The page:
Here's another photo of the block heater installed. I was able to take this picture when my front bumper cover was removed...
6) Route the electrical cord away from any hot or moving parts.
NOTE: If you purchased the Mitsubishi heater, the instructions say you need to remove the battery, battery box, and several other things at this point to properly route the heater power cable. This is a lot of extra work and is not necessary. You can easily route the cable almost anywhere under the hood without having to remove anything.
Grab your zip ties and use them to route the heater cable away from the engine. Now is the time to plan out WHERE you want the heater plug to come out on the car. For me, the most convenient spot was to route the plug out the lower front grille opening. I have the plug zip-tied directly to the grill…which helps tremendously when plugging/unplugging it. I can literally do it 1-handed because the plug can’t move very much. Again, THIS video from wellswebdesign gives you an idea of where you can route the cable.
You may be tempted to leave the plug under the hood where it is more protected from the elements. I didn’t do this. Raising the hood to plug/unplug the heater every morning seems like more trouble than it's worth...especially if there's 4" of snow on the hood!
Because I have my heater plug routed to the outside of the car, I spent another $5 on amazon and bought a plug cover (which is the same as the one included with the Mitsubishi heater). Here is the link: Zerostart 360-0012. You don't want the plug to get covered in ice so you can't plug it in!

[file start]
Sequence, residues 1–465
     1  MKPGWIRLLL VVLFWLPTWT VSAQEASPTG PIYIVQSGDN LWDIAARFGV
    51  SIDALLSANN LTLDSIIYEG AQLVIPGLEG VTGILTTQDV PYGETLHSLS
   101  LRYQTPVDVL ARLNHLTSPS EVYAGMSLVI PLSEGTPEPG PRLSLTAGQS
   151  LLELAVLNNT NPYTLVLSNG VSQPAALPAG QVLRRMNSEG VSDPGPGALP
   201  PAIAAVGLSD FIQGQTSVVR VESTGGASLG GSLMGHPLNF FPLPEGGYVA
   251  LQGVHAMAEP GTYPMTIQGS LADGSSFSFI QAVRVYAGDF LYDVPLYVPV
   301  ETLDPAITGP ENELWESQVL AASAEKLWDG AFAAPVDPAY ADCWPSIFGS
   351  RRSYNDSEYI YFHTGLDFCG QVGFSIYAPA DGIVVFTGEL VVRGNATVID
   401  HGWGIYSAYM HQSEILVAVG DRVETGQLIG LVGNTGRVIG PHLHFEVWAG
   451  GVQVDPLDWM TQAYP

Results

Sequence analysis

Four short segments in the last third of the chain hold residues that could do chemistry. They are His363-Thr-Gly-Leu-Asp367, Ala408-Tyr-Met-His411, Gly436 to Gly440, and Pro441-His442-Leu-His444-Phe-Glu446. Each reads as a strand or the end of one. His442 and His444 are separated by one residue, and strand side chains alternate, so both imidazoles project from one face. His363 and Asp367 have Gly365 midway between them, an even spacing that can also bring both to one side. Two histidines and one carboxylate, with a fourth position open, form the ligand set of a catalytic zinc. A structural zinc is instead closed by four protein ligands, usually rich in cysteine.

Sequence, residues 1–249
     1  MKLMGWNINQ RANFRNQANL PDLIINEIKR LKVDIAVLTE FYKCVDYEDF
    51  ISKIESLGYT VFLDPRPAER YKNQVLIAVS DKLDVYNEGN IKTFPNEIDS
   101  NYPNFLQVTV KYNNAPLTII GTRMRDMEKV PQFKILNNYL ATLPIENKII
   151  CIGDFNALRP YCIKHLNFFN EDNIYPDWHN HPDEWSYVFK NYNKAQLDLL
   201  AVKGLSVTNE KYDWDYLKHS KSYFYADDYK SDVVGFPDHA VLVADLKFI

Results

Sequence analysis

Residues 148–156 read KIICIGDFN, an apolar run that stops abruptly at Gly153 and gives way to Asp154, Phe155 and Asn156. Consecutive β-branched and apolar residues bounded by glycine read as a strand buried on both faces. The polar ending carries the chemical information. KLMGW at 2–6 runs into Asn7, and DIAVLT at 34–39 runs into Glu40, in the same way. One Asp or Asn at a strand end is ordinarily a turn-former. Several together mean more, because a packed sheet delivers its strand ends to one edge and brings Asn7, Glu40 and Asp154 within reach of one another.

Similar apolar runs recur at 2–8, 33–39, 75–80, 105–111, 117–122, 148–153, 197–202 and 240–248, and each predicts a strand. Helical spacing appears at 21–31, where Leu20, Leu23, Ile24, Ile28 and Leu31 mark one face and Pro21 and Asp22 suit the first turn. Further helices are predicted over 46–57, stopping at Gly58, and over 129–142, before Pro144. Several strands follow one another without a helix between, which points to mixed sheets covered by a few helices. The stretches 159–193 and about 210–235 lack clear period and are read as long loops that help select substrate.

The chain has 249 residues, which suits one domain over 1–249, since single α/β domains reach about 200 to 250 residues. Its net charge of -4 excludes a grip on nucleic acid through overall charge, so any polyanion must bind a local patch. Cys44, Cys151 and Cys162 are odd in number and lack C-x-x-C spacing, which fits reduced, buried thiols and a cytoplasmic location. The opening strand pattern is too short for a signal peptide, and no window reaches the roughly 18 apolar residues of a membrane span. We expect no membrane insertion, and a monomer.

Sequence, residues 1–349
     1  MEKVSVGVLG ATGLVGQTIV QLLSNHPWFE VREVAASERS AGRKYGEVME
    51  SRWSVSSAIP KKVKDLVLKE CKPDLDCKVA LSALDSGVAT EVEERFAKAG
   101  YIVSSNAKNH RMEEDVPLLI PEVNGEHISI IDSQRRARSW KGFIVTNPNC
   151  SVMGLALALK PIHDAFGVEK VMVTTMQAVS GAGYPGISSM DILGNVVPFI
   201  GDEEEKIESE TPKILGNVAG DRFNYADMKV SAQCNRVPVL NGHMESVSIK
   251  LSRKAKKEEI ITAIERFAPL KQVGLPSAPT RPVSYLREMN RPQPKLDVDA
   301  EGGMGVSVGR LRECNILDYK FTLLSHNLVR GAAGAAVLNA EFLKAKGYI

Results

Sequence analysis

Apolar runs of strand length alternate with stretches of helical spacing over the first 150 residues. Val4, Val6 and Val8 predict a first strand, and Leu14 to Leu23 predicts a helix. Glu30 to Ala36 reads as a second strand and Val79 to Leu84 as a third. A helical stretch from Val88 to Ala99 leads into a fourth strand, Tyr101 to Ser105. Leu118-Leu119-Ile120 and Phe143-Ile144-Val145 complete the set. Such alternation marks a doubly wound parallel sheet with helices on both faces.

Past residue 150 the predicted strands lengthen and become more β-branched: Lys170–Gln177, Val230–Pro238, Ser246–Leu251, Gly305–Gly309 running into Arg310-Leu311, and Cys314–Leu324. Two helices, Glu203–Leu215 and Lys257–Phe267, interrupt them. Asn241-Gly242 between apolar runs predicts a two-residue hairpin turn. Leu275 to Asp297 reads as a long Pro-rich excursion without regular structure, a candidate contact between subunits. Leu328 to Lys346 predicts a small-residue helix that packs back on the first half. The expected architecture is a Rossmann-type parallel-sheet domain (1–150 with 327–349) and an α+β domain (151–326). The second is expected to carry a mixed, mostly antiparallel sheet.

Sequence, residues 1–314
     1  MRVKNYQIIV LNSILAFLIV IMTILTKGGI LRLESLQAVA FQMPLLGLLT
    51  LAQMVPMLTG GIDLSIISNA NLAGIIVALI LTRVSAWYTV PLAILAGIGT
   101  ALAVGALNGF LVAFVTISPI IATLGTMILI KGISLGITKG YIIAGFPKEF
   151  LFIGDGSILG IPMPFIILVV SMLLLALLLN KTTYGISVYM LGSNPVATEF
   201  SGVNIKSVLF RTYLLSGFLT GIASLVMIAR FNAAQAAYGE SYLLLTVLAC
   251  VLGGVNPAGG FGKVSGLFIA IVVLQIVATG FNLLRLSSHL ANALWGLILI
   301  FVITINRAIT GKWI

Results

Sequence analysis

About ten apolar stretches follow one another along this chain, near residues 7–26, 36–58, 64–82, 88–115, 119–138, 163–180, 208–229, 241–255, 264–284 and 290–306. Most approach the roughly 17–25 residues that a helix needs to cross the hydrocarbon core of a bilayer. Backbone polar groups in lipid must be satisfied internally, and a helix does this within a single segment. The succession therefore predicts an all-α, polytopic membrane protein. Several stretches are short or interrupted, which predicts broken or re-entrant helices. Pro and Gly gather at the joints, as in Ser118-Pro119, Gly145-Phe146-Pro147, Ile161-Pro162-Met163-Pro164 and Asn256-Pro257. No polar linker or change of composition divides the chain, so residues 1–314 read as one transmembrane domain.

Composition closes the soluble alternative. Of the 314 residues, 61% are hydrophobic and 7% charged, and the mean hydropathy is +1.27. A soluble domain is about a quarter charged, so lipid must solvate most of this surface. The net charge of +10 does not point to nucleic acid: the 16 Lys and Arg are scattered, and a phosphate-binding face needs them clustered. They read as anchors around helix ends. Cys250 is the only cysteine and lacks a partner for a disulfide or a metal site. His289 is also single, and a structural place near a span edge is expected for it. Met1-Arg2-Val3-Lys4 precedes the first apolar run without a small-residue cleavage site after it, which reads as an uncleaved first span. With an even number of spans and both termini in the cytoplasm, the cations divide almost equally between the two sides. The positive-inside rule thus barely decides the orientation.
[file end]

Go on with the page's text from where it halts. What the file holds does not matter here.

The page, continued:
I also use an extension cord with a lighted end. This is to help me remember that my car is plugged in before I drive it away!
I'm into my second season using this heater. I now use it with a heavy duty timer so it turns the heater on automatically about 2-3 hours before I drive the car in the morning. This way the car is consistently warm when I first start it in the morning.
IF YOU HAVE AN ENGINE BLOCK HEATER INSTALLED, BE CAREFUL CHANGING YOUR OIL. THE OIL FILTER IS CLOSE TO WHERE THE POWER CABLE FOR THE BLOCK HEATER WILL BE ROUTED. IT WOULD BE VERY EASY TO BUMP INTO THIS CABLE WHILE REMOVING THE OIL FILTER...AND POSSIBLY DISLODGE THE BLOCK HEATER FROM THE CAVITY WHERE IT IS MOUNTED. IF THIS HAPPENS, THE HEATER COULD FALL OUT AND POTENTIALLY MELT ENGINE COMPONENTS THE NEXT TIME THE HEATER IS PLUGGED IN. THIS MAY BE WHAT HAPPENED TO THIS FORUM MEMBER.
Last edited by Top_Fuel; 01-23-2019 at 06:23 PM.
View my fuel log 2015 Mirage ES 1.2 manual: 51.5 mpg (US) ... 21.9 km/L ... 4.6 L/100 km ... 61.9 mpg (Imp)